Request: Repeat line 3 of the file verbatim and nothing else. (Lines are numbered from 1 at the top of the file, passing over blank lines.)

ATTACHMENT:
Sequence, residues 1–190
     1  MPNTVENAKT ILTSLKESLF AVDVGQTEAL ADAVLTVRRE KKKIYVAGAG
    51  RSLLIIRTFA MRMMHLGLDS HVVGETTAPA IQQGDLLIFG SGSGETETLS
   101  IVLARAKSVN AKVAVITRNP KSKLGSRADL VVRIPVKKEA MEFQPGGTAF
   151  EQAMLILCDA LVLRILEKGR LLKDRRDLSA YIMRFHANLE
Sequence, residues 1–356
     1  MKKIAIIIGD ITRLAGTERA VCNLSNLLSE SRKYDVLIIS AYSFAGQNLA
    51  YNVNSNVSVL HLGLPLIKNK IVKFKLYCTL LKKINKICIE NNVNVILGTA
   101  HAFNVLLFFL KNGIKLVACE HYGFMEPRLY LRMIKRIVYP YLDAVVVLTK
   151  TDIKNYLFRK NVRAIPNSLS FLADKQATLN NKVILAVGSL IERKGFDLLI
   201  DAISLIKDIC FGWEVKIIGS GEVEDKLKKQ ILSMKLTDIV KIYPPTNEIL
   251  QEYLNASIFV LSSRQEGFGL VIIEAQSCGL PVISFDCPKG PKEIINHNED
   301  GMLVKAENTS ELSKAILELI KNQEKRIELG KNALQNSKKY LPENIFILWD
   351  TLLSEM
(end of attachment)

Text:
    51  RSLLIIRTFA MRMMHLGLDS HVVGETTAPA IQQGDLLIFG SGSGETETLS